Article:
What happened to the recovery in oil stocks?
The pricing and volume action are telling me that investors are doubting the hoped-for 2016 recovery in production volumes.
Yesterday, Chevron hit a three-year intraday low.
The main Energy ETF, a basket of the energy stocks in the S&P 500, has staged three separate attempts to rally since hitting lows in December and January and is again fading, essentially moving straight down for the past six weeks. Volumes have also faded.
And the rally in crude has stalled. Since bottoming in the low $40s in early March, West Texas Intermediate, the main U.S. benchmark, has staged an impressive rally (over 40 percent) to trade between $58 and $61, but has been stuck in that range for the past six weeks as well.
Here’s the problem: Everyone bought energy stocks aggressively in early 2015 on the theory that oil production would bounce back in 2016.
It’s human nature. The optimists are focusing on a bounce.
Anticipating that, volumes in big energy ETFs like Oil Service andExploration & Production picked up dramatically in January as the sector appeared to be bottoming out.
But many are starting to realize that, while oil prices may stage a modest comeback, oil production may not, at least any time soon.
The theory was OPEC and the Saudis were dead. They could no longer dictate prices.
Except, they could. It turns out the ghost of OPEC is still very much alive.
The Saudis have made it clear that they will do anything to maintain their market share, and if that includes pumping more and more oil they will do it, regardless of the price. Their interest is to maintain the levels of social spending they need to keep their country afloat.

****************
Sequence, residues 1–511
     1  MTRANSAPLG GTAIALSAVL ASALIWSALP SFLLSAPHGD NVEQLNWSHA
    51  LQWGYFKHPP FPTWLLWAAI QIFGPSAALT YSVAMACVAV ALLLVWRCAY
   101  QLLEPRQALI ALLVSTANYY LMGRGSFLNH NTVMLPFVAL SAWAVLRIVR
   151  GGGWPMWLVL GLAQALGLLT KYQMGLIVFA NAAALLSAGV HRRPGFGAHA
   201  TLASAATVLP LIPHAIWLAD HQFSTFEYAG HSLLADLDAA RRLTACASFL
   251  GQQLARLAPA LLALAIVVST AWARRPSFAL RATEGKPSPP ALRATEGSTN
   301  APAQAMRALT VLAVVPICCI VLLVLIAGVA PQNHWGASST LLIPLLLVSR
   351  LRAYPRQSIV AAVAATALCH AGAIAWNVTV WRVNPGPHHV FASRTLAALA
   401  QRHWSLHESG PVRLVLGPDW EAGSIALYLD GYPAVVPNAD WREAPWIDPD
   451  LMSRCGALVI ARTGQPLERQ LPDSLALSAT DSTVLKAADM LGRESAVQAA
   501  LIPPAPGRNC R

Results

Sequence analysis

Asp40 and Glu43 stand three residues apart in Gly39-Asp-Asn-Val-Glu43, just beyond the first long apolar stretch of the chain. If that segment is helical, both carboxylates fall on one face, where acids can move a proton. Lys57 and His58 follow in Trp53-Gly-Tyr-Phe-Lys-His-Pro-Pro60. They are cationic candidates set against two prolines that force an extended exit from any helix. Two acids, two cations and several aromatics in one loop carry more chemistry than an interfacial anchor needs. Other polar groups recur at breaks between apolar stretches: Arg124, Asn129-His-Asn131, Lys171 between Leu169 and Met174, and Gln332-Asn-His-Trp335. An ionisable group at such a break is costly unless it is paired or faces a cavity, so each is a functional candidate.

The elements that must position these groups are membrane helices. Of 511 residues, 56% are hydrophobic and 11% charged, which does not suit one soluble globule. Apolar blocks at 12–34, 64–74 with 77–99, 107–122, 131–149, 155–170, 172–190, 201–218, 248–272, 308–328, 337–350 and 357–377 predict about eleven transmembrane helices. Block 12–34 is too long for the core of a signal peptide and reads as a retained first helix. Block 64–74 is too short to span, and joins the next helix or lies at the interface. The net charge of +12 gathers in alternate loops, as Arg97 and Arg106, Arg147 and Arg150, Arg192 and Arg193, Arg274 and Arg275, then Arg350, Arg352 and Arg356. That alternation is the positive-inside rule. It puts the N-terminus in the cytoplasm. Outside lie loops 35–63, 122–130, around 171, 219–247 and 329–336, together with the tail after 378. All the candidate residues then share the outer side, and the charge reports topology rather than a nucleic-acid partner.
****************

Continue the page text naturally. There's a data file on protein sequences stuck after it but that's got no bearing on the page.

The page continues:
What’s the upshot for energy investors? The real weak link is oil services, which may be facing a much longer recovery path than expected. There’s a crisis of confidence in investing in capital expenditures in energy. For U.S. producers, why invest billions to start a new program, if any day the Saudis could increase production?
After dropping nearly 50 percent from August to March, the Oil Service ETF, a basket of the largest oil service names including Halliburton, have staged only a tepid rally (up 15 percent from the lows), and indeed has been fading for the past six weeks. Volume is also drying up.
What about exploration & production stocks, the shale plays? Production is declining in the U.S., and that should be bullish for the price of oil. The drillers’ value is predicated on not just production but the assets they have in the ground. In other words, E&P is much more closely linked to oil prices.
So if oil goes up more, that means go out and buy E&P companies, right? Well, they also have a big problem: They need a lot of money to keep drilling. The depletion rates on the wells are high, so they need access to cheap capital to lend them money to keep drilling.
That’s the high yield market, which they have tapped with great enthusiasm in the last few years. But that venue may be a problem: These companies need access to cheap funds, and rates the banks charge for this high yield debt are going up.
Why? Because the cash flow is still poor, even if oil stays at $60 instad of $43. Without higher cash flows, it’s hard to convince bankers to lend. They are also aware of the risk the Saudis pose, and they will adjust their rates to account for that risk.
That’s one reason the main E&P ETF has also only staged a modest recovery off its January low, up less than 20 percent after also dropping 50 percent from August to January. Volumes, too, have dried up in the last six weeks.
So where will the shale companies get the money to keep drilling? They will issue more stock, which is exactly what Cowen said in a note yesterday: “We expect … E&Ps to issue additional equity in 2H2015 to fund 2016 capex as borrowing bases will be declining and debt metrics deteriorating.”
More stock, of course, will put pressure on stock prices.
Cowen, by the way, also expects crude oil production to decline.
When you think about it, it is remarkable that no one has gone out of business. Partly it’s because many were hedged against declining prices, so we have not seen a dramatic decline in cash flows yet. Partly it’s because banks have been willing to give them time by renegotiating the credit lines.
But don’t be surprised if some don’t make it. One hedge fund trader specializing in energy stocks I know has a list of six E&P companies that are likely to go under unless production picks up.